IRISH prisoners are likely to be casting votes in future elections as a result of a landmark decision yesterday by the European Court of Human Rights.
It ruled that the rights of a former British prisoner who was convicted of killing a woman with an axe had been breached when he was banned from voting.
The case is set to change the face of the British penal system, and have a similar impact in Ireland.
Basing his case on the "right to free elections" contained in the European Convention of Human Rights, John Hirst (54) had battled his way through the British legal system before the case finally reached the Strasbourg-based human rights court, which is not part of the EU, but the Council of Europe.
By a 12-5 majority, the Court upheld voting is "a right and not a privilege" and should be available in almost all circumstances.
The Irish Penal Reform Trust (IPRT) last night called on the Irish Government to take the ruling into account "allow Irish prisoners an opportunity to exercise their franchise".
"The reality is that there is no legal barrier to this," said Rick Lines, Executive Director of the IPRT.
"The Government needs to look at our legislation and bring it into line with this ruling.
"It would be ridiculous for them to defend the current position in Irish courts because they would inevitably lose in Europe."
Ireland is one of 14 European countries likely to be affected by the ruling.
The precise effect is not clear, since Irish prisoners are not formally banned from voting, as they are in the UK, but they are not facilitated in any way to either vote by post or to leave prison temporarily to cast a vote.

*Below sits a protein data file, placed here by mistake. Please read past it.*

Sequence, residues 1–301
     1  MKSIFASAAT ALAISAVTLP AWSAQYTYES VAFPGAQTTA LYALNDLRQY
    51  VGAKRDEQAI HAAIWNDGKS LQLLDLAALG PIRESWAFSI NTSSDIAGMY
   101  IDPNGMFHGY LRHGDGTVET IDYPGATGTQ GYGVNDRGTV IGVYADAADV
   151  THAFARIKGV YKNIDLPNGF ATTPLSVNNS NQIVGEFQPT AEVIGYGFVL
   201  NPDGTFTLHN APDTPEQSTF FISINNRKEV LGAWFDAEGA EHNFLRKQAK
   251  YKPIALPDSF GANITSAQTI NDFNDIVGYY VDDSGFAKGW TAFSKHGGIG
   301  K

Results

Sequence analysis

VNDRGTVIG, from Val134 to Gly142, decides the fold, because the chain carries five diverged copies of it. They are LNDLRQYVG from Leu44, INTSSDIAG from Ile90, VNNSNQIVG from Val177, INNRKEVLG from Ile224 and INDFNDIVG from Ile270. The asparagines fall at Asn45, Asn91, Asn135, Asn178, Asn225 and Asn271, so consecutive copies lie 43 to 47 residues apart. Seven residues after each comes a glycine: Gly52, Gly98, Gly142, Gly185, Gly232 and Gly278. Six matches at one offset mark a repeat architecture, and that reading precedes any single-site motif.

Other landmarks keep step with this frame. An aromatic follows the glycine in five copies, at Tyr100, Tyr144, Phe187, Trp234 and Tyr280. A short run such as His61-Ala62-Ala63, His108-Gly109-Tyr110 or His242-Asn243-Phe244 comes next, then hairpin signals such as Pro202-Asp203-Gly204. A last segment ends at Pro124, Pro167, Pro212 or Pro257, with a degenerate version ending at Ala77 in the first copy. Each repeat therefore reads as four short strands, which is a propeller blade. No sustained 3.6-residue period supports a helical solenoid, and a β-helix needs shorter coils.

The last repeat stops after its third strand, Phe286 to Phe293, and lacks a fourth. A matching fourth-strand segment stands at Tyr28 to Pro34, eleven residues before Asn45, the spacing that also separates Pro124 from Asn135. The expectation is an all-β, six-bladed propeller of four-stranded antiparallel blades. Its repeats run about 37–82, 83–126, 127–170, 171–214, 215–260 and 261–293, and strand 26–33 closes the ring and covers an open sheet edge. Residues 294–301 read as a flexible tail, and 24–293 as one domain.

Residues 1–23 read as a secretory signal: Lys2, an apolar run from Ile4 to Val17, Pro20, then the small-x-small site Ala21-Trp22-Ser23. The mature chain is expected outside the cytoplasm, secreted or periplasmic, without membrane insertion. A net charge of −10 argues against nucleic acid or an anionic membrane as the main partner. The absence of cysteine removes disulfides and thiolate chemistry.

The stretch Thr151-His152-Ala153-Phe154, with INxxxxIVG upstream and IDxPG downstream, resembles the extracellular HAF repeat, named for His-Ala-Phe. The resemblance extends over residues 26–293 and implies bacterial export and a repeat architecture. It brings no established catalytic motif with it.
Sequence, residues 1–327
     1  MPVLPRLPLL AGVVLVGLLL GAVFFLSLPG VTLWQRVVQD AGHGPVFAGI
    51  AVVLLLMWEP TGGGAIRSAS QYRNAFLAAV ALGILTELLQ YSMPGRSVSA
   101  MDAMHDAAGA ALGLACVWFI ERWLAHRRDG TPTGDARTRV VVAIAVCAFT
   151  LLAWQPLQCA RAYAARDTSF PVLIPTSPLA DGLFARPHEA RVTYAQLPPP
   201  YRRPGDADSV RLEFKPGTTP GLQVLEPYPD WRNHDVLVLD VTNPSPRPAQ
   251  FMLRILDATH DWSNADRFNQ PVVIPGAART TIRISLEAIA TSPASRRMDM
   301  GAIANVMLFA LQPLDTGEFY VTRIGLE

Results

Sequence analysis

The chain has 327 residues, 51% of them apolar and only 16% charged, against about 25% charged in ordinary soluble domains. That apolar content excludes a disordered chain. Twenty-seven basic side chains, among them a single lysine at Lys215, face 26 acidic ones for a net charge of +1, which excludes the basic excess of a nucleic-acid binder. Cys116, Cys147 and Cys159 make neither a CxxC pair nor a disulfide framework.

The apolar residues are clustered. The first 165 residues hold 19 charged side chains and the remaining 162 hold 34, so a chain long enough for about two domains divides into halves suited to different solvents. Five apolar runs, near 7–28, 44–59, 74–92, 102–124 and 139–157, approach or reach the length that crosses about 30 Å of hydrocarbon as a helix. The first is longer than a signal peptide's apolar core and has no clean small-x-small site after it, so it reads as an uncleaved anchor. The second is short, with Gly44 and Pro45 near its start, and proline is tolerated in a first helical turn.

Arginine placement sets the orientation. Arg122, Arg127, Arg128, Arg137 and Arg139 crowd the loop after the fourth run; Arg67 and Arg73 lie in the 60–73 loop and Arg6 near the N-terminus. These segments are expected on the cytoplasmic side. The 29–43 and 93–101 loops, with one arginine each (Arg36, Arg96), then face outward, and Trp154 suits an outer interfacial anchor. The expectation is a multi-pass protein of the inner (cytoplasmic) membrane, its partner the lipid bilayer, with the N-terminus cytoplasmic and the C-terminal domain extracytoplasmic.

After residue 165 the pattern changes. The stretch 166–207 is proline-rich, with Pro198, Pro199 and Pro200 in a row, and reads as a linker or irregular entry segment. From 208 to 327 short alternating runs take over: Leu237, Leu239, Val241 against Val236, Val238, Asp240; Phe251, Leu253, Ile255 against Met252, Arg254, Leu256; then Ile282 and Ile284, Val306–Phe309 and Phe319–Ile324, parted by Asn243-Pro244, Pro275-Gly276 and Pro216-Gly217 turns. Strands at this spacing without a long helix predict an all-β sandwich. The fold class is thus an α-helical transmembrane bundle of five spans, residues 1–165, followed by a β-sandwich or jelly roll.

A spokesman for the Justice Minister gave a cautious reaction last night, warning that it was too early to give a clear response.
While not formally blocked, there is still no way a prisoner, except someone on temporary release can vote in an Irish election.
The only Irish people entitled to a postal vote are gardai, Irish diplomats, members of the defence forces serving abroad, the disabled and those who can prove they are out of the country for work purposes.
In response to a query from the Sinn Fein TD Aengus O Snodaigh last year on the possible right for postal votes by prisoners, the Justice Minister, Michael McDowell, made it clear he would not like to see the inmates of any one jail all getting the right to vote in the same constituency.
A case similar to that taken by John Hurst was taken in Ireland by Stiofan Breathnach, also known as Stephen 'Rossi' Walsh, who won his case in the High Court, but subsequently lost in the Supreme Court in 2001 on a prisoner's right to vote.
It ruled that it was an unreasonable burden on the prison administration to bring every prisoner to a polling station.